Wildfire forces Durango & Silverton to furlough 150 employees

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An approximation of the size of the 416 Fire near the route of the Durango & Silverton Narrow Gauge Railroad. The extent of the fire is shown in pink. The narrow gauge railroad is shown in the hash-marked line, or railroad map marking through the center of the map.
U.S. Forest Service
DURANGO, Colo. — The Durango & Silverton Narrow Gauge Railroad has furloughed approximately 150 employees because of the wildfire that has halted operations on the iconic Colorado narrow gauge railroad.

On Tuesday, the railroad announced that train service between Durango and Silverton, Colo., would be suspended until at least June 17. The railroad had previously hoped to resume operations on June 10. The announcement comes as firefighters continue to battle a 2,900-acre blaze dubbed the "416 Fire" in the hills near Hermosa, Colo., not far from the historic railroad’s tracks. More than 800 homes have been evacuated because of the fire that was first reported on June 1.

“It is the railroad’s sincere hope to recall these dedicated associates, and put them back to work, as soon as the 416 Fire has been contained,” general manager John Harper tells Trains News Wire.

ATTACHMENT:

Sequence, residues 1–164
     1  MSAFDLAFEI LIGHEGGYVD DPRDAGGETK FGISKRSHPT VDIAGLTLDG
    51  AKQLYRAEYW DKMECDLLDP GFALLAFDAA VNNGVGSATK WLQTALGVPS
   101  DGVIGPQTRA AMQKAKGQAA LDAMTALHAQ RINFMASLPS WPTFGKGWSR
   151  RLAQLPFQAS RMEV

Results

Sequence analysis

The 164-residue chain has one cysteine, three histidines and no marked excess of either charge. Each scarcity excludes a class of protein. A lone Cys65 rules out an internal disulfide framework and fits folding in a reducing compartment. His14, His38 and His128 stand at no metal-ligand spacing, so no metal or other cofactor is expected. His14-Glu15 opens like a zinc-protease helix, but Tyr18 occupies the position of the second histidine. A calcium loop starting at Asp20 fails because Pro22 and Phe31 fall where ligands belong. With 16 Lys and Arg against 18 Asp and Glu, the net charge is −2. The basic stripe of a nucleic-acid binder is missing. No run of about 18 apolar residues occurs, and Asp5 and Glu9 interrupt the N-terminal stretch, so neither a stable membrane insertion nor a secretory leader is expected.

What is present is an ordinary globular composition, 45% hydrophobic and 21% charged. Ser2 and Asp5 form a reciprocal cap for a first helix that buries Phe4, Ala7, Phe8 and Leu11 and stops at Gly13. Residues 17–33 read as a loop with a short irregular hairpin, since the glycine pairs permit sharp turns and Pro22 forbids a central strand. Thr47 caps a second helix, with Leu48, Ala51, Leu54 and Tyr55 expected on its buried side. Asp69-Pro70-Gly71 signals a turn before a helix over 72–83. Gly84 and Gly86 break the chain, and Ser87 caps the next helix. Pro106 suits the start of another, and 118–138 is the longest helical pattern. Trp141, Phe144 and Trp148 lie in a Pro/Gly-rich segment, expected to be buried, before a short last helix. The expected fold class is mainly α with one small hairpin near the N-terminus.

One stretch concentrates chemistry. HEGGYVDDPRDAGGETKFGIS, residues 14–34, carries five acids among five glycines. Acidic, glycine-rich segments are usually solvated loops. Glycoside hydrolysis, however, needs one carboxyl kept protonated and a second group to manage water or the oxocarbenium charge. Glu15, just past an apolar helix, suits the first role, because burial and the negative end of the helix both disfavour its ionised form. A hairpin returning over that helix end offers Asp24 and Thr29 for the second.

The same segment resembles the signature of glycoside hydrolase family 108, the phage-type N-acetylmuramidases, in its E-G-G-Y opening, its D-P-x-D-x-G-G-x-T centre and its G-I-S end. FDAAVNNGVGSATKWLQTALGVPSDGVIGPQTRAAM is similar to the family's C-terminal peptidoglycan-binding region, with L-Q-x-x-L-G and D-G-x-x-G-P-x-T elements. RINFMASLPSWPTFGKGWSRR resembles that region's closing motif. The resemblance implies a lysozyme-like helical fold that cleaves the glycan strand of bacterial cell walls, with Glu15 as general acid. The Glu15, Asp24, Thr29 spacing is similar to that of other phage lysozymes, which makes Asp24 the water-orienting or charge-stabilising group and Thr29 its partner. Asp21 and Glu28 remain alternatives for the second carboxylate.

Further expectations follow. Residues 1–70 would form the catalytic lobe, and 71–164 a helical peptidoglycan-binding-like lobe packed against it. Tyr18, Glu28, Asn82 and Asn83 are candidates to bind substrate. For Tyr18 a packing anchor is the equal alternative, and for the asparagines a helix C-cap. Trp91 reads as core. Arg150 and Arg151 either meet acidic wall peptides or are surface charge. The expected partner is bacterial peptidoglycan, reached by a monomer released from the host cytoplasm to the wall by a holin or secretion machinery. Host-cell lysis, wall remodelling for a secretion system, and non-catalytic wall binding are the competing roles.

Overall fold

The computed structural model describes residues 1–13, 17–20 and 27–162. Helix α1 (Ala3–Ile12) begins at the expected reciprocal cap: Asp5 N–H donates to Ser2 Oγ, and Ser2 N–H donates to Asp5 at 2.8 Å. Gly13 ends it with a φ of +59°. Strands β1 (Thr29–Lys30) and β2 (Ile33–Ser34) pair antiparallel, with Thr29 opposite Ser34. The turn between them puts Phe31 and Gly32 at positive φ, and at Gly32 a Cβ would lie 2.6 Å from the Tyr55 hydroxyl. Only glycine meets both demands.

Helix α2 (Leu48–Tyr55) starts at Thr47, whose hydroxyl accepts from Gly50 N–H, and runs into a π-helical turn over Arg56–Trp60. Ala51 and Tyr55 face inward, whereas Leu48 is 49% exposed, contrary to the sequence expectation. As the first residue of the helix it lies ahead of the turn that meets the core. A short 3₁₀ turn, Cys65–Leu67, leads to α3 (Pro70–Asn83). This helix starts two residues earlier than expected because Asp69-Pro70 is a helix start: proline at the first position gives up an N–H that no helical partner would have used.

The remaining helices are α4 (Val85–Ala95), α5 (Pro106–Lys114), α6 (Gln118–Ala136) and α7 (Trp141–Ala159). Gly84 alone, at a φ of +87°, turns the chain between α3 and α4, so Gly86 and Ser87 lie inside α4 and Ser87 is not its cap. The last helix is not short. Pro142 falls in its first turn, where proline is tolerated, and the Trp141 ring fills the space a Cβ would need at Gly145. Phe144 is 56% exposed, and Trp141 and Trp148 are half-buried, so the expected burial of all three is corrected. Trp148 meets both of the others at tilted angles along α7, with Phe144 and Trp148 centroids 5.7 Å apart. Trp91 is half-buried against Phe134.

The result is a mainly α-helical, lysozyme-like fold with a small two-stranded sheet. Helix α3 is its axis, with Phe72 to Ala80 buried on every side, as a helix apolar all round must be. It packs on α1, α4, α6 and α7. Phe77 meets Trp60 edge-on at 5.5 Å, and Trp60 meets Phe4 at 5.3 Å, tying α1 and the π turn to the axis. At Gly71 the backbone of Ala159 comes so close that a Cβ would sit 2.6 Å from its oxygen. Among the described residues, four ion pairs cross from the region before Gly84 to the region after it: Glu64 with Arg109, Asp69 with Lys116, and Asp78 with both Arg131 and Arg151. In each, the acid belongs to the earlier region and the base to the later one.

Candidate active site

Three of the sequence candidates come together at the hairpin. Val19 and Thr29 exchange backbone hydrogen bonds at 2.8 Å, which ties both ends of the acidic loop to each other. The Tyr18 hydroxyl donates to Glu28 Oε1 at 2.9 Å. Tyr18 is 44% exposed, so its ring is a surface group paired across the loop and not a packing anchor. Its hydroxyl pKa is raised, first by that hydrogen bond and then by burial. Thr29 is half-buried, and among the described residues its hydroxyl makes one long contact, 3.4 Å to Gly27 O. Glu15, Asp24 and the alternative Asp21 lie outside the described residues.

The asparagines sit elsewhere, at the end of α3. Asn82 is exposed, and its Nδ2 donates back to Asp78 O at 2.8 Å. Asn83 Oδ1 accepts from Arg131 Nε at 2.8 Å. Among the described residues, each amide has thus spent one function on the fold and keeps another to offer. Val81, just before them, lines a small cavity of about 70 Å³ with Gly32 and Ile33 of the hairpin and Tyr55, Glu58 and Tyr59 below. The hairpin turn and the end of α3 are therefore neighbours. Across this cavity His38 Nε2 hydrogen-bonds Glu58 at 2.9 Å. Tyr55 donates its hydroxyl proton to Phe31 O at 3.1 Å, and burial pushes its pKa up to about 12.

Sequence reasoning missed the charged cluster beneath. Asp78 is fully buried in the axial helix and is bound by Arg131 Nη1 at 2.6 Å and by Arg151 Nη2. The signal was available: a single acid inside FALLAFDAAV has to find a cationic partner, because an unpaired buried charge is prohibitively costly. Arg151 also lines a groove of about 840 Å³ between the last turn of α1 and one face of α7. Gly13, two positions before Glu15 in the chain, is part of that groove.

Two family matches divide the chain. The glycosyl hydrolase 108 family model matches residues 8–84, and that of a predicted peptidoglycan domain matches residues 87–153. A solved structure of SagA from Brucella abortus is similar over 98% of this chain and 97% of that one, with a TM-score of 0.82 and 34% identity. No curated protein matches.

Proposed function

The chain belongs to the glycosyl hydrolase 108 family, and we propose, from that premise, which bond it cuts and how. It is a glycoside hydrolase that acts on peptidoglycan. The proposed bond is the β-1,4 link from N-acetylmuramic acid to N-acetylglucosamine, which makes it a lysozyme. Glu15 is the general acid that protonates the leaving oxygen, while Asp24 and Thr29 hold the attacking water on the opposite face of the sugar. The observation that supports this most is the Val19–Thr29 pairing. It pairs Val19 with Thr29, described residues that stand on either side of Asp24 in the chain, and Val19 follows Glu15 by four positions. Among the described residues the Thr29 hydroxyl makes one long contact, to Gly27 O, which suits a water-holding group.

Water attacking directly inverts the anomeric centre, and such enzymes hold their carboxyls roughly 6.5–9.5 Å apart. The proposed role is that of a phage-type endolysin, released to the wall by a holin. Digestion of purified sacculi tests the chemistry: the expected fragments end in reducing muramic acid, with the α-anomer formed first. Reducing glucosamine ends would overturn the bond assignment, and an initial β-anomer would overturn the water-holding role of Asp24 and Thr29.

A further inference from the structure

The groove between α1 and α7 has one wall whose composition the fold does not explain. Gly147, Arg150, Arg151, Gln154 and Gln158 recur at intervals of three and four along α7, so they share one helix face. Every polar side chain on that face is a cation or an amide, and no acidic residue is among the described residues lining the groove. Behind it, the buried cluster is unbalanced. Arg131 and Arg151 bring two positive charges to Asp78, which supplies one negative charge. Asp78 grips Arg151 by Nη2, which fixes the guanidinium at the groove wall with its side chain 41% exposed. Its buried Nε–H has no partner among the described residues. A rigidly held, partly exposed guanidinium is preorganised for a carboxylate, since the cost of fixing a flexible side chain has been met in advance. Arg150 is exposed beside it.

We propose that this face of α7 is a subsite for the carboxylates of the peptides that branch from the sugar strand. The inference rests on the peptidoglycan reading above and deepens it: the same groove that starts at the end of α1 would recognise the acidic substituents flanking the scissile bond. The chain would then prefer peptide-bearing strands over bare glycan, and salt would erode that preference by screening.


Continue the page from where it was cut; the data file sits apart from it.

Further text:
Train operations were promptly suspended on June 1 when the fire was discovered 10 miles north of Durango. The two daily passenger trains were terminated in Silverton and the passengers were bussed back to Durango.

Officials say, if, and when operations do resume later this month it will likely be with diesels to reduce the chance that steam locomotive cinders ignite more fires.

“The [railroad's] alternative service plans call for the company to operate diesel locomotives until the fire risk in the San Juan National Forest has declined,” Harper says.

Fire officials say that the cause of the fire remains under investigation. However, on Tuesday night the Durango Herald published a report stating that people who live near the tracks saw the fire after the second morning train went by on Friday. One of those people, Al Chione, said he believed the fire was caused by a cinder from the locomotive.

Railroad officials have declined to comment on what caused the fire until the investigation is complete.

It is not uncommon for steam locomotive cinders to spark fires and over the years the Durango & Silverton has employed a number of fire mitigation tactics. A speeder with water and firefighting equipment follows every train during the summer to put out spot fires and the railroad even leases a helicopter to extinguish blazes. Earlier this year, the railroad was even honored with an award for its fire mitigation efforts from the National Association of State Foresters, the International Association of Fire Chiefs, the National Fire Protection Association, and the U.S. Forest Service.

This is not the first time a wildfire has forced the closure of the line to Silverton. In 2002, the 72,000-acre Missionary Ridge Fire, forced the railroad to suspend operations for 45 days.
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